Desert Days

A study by a professor at the University of Virginia showed a majority of more than 700 participants found it “unpleasant to be alone in a room with their thoughts for just six to 15 minutes.”

Not only that, but there was an electric shock mechanism in the room, and 64% of men and 15% of women self-administered shocks to divert their thoughts.

The point is this: People push back against silence and being alone with their thoughts because it can be scary.

“A good friend of mine says, ‘I believe most people need a good reason to do something that doesn’t come naturally. Quiet doesn’t come naturally for most of us,’” said Kurt Sauder, founder of Further Still Ministries, which helps believers in Jesus enjoy an abundant relationship with their Savior. “We are so into our technology and social media, and I’m not saying all that is bad, but if we say, ‘OK. I’m going to put that down. I’m going to be still and lean into silence and solitude and quiet and peace. Even people who love the Lord, I don’t think that comes naturally.”

Sauder said silence and solitude are spiritual practices, and that means they require work and discipline.

“In one sense, it’s a lot like doctors. They practice medicine because to a degree there’s a science to it, but there’s also a practice to it the more that they fine tune, get better, work at it, learn, adapt and adjust,” Sauder added. “Tom Brady didn’t become Super Bowl champion six times because it became all natural to him. He practiced. That’s the same way with the spiritual practices. Silence and solitude and being quiet and resting are all spiritual practices. If we’re not used to that, we need to lean into that.”

When Sauder had four young children, he and his wife trained them to have “quiet time” by setting the microwave timer to 30 seconds and increased it by five seconds every day.

“You think, ‘Wow. Five seconds. That’s not that much.’ I’ll never forget, though, when we worked up to three minutes,” he said. “Before you know it, we’re having these 15 minutes of total quiet time with our kids teaching them the beauty of Psalm 46:10, ‘Be still and know that I am God.’ We can train ourselves how to do this.”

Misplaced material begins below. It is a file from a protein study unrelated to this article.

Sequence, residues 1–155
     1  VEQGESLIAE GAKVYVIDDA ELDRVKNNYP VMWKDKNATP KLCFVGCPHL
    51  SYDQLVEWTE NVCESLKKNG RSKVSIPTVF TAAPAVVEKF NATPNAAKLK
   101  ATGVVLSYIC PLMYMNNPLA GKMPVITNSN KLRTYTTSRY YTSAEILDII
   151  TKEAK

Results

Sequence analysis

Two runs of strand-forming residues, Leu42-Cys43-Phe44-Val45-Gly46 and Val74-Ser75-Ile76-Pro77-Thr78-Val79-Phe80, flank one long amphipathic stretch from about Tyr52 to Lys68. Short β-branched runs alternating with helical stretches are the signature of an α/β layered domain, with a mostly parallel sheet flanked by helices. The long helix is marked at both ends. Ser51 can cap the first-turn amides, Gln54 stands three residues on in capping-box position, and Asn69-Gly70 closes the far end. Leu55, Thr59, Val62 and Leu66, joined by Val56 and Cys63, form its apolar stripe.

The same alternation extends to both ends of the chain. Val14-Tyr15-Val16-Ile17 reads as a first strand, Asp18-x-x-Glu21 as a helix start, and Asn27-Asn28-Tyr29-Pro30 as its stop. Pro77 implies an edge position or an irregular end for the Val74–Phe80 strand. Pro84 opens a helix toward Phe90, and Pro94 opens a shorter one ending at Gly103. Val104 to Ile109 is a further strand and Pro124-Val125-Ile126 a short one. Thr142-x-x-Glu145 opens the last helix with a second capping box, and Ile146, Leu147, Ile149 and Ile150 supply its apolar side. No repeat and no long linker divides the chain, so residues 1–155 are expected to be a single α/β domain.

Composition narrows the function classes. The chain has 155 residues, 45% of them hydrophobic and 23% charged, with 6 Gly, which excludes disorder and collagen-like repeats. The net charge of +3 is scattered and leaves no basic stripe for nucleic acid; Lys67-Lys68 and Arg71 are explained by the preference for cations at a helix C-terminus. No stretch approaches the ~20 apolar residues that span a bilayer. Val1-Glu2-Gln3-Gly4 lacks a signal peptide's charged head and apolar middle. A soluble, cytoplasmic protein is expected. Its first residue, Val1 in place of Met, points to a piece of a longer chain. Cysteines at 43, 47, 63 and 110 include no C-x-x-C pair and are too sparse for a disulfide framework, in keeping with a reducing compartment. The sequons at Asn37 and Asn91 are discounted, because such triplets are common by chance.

Desert days

Through Further Still Ministries, Sauder guides men on desert days. Each desert day usually lasts from 8 a.m. to 4 p.m. with roughly eight to 10 men meeting at Hopewell House in Louisville.

The majority of the time is spent in silence and solitude and includes Bible reading and study, memorizing Scripture, prayer, journaling, reading Christian literature and two group debriefs.

“We can be productive and get a lot done. That’s our American culture, and that’s a beautiful thing,” Sauder said. “But there’s something to saying, ‘God, I think You can get a lot more done than I can. I’m going to let You work ahead of me in ways that I can’t see, and I’m going to trust that You’ll do immeasurably more.’ I remember Kristen (Sauder’s wife who died in 2014) used to say, ‘I’m tired of seeing what I can get done. I want to see what God can get done.’”

Sauder suggests two reasons to take a desert day: to develop a rhythm of rest and to help when making big decisions.

Lake water

Sauder was making one of those big decisions about 20 years ago.

“I’m being offered a job at Southeast to become the men’s pastor, but I thought I was going to go to my buddy’s church because I’m also having the opportunity to be close to my hometown area in Illinois,” Sauder said. “He says, ‘Dude, you need to do a desert day.’ I go, ‘What are you talking about?’ He goes, ‘Do what Jesus did. Get in the desert. It doesn’t have to be a desert desert, but go be alone.’”

Sauder uses a jar of murky lake water to illustrate the effects of a desert day.

“The lake water became still and that’s when clarity happened. It wasn’t this mountaintop experience or Mount of Transfiguration. There weren’t fireworks from heaven going off. No angel appeared to me, but I walked away going that was really good. In some ways it was hard. I go, ‘God is saying Louisville, Kentucky, Southeast Christian.’”

Since that time, Sauder has gone on a desert day by himself once a month for the past 20 years and has offered group desert days since 2014.

If you are interested in joining Sauder on a guided desert day, sign up at

A nonrefundable $10 fee is charged to reserve your spot (breakfast and lunch are provided).